Before the menace of the coronavirus, food crisis has been a major global concern. As it relates to the food crisis, the pandemic has worsened the innate reality of food crisis. The lockdown and interstate border closures which were part of the government response to the pandemic have led to a hike in food prices. Before the pandemic, the Nigerian government banned the importation of some staple food items to protect local industries and boost the local production.
THE OUT -TURN OF CRISIS ON THE PRODUCTION OF CASSAVA
Nigeria is the world’s largest producer of the cassava, accounting to about one-fifth (21%) of total production worldwide. Cassava is a very important food crop that is capable of providing food security. However, a lot of problems have prevented the development and use of modern technology for its production.
The demand for cassava and its constituents is high in the domestic economy, and the supply has been unable to meet the huge demand. For instance, the supply -demand gap for High Quality cassava flour stands at about 485,000 metric tons [MT] per annum while the gap for Cassava starch is about 290,000 metric tons.
Nigeria is the world leading producer of cassava with production output of 291MT as of 2017, of which Africa accounted for over 60%. Nigeria produced 59MT making it the world’s largest producer [approximately 20% of global production] with a 37% increase in the last decade.
However, due to lack of infrastructure, modern logistics, and technology, only about 40% of fresh cassava roots are processed into finished product which are mainly cassava flour and cassava starch.
Cassava yields vary with cultivars, season of planting, soil type and fertility. With improved varieties and under good management practices, they can reach 20 to 25 tons per hectare.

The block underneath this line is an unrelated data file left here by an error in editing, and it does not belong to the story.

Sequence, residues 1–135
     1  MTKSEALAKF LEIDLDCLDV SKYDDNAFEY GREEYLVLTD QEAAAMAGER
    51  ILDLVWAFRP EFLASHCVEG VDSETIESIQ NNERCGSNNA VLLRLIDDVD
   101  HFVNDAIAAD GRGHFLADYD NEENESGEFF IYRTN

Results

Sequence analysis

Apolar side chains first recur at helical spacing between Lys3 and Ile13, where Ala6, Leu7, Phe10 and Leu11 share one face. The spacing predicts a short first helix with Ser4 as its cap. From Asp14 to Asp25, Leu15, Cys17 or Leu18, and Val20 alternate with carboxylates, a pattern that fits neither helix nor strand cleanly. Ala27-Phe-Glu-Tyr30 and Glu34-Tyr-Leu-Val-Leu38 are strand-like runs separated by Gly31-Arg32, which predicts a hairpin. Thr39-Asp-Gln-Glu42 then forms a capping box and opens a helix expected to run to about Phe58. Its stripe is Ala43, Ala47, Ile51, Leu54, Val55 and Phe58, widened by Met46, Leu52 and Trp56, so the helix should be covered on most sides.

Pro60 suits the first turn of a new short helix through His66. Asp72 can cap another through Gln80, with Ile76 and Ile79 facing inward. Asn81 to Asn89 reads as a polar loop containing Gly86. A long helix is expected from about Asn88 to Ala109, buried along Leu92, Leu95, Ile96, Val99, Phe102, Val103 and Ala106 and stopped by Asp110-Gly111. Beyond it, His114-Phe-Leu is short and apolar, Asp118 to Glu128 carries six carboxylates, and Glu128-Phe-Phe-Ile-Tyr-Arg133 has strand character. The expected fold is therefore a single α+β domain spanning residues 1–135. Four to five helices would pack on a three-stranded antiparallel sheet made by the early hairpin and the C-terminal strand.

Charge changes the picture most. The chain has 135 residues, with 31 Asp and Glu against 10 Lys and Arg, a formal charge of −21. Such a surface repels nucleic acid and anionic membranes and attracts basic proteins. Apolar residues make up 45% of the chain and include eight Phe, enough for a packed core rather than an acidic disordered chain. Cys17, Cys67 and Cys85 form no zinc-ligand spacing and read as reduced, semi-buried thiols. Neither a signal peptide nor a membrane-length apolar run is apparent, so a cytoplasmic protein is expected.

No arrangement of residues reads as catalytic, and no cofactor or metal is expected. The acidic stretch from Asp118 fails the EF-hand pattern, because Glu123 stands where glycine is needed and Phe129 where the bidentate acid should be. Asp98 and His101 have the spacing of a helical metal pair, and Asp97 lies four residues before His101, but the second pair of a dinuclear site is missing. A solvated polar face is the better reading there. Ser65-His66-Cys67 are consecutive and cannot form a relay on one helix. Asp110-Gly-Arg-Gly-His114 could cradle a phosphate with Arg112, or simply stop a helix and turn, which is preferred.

Under the most prevalent farming method, cassava yields are much lower. Low cassava yields relative to their potential also reflect the influence of subsistence production systems, which are mainly geared to provide a safety net, in case of cereal crop shortfalls. Rarely is cassava cultivated as a mono- culture. Although cassava is commonly recognized as subsistence crop, there is growing evidence that it is an important cash-earner for most producers and that the marketed share of output often exceeds that of cereals. Cassava contains high level of protein in the roots and this is relevant for the feed industries and obviously, to improve nutritional status of human populations.
A WAY OUT OF THIS CRISIS
An increase in the production of cassava to sustain world food security needs improved machinery allow its continuous cultivation and processing. This can also eradicate or reduce poverty nationwide. An increase in the production, supply and a decrease in inflation can increase the demand which can help make food accessible to all. High value cassava is, therefore, no longer a dream but a reality that will have a positive livelihood of cassava farmers but in the scientific community, cassava offers a wealth of professional opportunities to young scientists.
When it comes to the world of investing, three words come to mind; overwhelming, intimidating and scary but Investing in cassava is an opportunity we can indulge in since about 70% of our foods are cassava products. By investing with us at CassavaCash, you not only achieve financial freedom but also save the world from food crisis.
Last updated 6 months ago